Saturday, May 31, 2014

May 31 2014: Do we have to own stuff? I’m increasingly of the view that we don’t need to own very much. We need our immediate personal belongings, the tools of our trade, a few mementos (and a few thousand books). But, that is tons of stuff! What can I say! I like to read—and I truly love books. Each book is typically the distillation of years of focused work. Besides, I can—I guess—go electronic. The same thing? I need persuasion.

The model of ownership, in a society organized round mass consumption, is addiction.

Christopher Lasch

She plucked from my lapel the invisible strand of lint (the universal act of woman to proclaim ownership).

O. Henry

A rendering of what Google's car that takes the driver out of the equation could look like in use.

As doubtless you know, Google are building a number of self-driving cars—which simply won’t be drivable by people. There will be no steering-wheel, for instance. You’ll just get in the thing and tell it what to do—or tell it in advance, for that matter. Before long, I suspect, you’ll be able to communicate your destination through thought alone.

Well, self-driving cars are interesting enough in themselves—and clearly they are going to arrive soon—but I was even more interested in Google co-founder, Sergei Brin’s comment when asked about the business model. See NYT May 27 2014 for the full piece by John Markoff.

“When asked directly about what he thought the business might be, Mr. Brin pointed to ending the connection between transportation and vehicle ownership.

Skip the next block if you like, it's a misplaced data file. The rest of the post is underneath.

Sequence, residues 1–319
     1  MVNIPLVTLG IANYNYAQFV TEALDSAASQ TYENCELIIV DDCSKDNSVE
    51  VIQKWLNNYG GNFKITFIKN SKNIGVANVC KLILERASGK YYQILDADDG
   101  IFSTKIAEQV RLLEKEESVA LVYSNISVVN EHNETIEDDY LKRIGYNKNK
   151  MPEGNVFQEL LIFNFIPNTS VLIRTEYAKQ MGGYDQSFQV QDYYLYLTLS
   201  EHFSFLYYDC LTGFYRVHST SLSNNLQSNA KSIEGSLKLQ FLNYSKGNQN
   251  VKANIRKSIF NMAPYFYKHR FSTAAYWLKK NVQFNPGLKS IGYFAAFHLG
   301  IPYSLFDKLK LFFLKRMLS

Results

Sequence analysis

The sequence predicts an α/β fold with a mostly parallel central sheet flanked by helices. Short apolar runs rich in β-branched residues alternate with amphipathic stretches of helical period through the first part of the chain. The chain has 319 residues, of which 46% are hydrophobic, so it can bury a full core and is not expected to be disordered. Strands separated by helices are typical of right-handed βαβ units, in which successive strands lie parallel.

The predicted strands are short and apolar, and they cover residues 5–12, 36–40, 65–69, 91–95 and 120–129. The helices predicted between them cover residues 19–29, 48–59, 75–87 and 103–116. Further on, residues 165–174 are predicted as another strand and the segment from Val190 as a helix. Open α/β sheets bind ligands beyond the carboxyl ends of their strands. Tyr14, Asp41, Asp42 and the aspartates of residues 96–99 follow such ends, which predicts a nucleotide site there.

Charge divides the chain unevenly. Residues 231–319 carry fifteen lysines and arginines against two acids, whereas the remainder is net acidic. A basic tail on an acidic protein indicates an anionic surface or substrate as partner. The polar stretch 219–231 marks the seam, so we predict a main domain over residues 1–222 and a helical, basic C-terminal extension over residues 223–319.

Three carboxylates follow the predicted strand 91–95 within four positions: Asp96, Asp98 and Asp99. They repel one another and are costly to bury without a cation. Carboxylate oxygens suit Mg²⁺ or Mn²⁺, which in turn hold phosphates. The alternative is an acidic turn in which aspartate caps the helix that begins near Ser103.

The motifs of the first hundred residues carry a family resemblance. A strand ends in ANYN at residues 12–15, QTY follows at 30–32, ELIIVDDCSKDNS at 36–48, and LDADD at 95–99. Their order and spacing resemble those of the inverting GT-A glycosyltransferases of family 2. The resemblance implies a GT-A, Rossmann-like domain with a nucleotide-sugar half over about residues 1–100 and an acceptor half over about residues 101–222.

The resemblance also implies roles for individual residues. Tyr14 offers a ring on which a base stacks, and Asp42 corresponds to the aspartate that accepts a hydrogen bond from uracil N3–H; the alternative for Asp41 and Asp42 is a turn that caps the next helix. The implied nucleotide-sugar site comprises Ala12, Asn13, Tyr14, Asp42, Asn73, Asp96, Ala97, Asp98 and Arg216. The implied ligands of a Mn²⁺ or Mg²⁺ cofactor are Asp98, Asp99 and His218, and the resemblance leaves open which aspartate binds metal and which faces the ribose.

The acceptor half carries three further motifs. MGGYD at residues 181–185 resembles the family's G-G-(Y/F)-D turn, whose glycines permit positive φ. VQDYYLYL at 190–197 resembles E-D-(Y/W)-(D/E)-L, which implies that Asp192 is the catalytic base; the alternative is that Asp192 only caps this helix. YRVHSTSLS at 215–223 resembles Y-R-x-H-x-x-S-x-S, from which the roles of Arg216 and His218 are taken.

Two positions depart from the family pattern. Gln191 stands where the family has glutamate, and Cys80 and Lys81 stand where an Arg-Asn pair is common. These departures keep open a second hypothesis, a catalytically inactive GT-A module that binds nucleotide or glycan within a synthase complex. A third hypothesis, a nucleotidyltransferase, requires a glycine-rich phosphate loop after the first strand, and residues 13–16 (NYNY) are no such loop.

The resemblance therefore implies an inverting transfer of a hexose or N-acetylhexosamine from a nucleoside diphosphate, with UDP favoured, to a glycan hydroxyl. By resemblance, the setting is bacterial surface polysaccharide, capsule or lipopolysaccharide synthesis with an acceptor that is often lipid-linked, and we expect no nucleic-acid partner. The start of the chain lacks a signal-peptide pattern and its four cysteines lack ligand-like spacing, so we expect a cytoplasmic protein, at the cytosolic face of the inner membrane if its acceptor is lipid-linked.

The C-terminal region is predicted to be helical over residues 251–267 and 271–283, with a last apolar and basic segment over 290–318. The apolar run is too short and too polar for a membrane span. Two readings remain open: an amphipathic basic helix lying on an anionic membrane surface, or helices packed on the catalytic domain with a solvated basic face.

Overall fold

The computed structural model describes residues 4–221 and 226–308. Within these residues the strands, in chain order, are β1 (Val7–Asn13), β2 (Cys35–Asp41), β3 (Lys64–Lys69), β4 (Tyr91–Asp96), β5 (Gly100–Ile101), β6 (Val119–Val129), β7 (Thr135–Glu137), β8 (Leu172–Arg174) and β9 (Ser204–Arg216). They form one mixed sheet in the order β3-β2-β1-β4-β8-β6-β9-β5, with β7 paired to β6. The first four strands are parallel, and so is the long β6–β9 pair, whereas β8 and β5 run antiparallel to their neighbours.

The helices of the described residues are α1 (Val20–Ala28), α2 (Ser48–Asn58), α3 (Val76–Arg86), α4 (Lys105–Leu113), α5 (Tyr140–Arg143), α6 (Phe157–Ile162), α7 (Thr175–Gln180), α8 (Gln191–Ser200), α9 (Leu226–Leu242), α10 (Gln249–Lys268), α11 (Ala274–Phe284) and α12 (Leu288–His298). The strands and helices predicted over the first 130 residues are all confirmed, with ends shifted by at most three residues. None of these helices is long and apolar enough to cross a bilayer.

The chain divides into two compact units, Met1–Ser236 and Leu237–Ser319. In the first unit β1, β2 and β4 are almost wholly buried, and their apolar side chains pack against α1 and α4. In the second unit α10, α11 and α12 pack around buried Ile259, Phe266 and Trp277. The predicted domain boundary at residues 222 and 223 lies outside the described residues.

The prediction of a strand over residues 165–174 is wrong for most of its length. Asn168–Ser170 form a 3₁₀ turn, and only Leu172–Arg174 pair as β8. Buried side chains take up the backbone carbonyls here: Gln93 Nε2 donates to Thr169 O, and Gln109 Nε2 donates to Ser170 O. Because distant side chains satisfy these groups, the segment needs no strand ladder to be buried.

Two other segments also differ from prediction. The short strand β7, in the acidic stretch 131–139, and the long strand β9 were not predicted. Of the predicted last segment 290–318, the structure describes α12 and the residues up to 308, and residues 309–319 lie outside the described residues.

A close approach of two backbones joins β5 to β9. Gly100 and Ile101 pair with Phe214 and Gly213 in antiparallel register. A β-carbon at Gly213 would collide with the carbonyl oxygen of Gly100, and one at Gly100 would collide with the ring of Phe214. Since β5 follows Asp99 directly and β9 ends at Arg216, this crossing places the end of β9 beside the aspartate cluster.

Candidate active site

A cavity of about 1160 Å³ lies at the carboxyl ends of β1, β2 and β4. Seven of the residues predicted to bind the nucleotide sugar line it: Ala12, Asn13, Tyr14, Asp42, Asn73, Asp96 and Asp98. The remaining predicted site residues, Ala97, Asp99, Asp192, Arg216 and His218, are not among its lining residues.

“Regardless of Google, I think the right model for most of the world will be not through vehicle ownership,” he said. “These should be provided as services for the most part.”

He added: “The fact is that we have the technology to deliver and it’s likely we’re going to have a lot of partners who might be automakers, parts suppliers, service providers, cities and countries.”

He said that a clear decision had not already been made, and that it might be different for different parts of the world.

I grew up in big houses filled with expensive antique furniture—and we drove a Bentley--but, even then, while quite young, began to realize that there was a substantial downside to owning things. Owning stuff was expensive, it restricted your mobility, it took up time, it was socially divisive, and—in a fairer world—it was unsustainable. There just wouldn’t be enough space for everyone to have a 20 room house and five acres—and it would be environmentally disastrous.

Sorting the possessions of the recently deceased also made me re-think the importance of things. It is sobering to think you can’t even take your body with you after you die. 

Technology has made not owning things much easier. What counts, in a great many cases, is having use of them. As far as I’m concerned—and it took me some time to reach this point—access is the key, not ownership.

Essentially, I am driven by ideas—they are the basis of writing, my passion in life. Do I feel the need to own them? No, I don’t—and, of course, I can’t. I feel the need  to weave them into different forms, and—if I can—to improve them. But, above all, my imperative is to communicate them, and in some small way, to enhance the human condition.

Since our world is an endless font of ideas, I guess that leaves me rich beyond belief.

Am I joking? For preference—always! But, in truth, if you knew the pleasure I get from linking this thought with that insight—hell, you would tax me.

I love it so.




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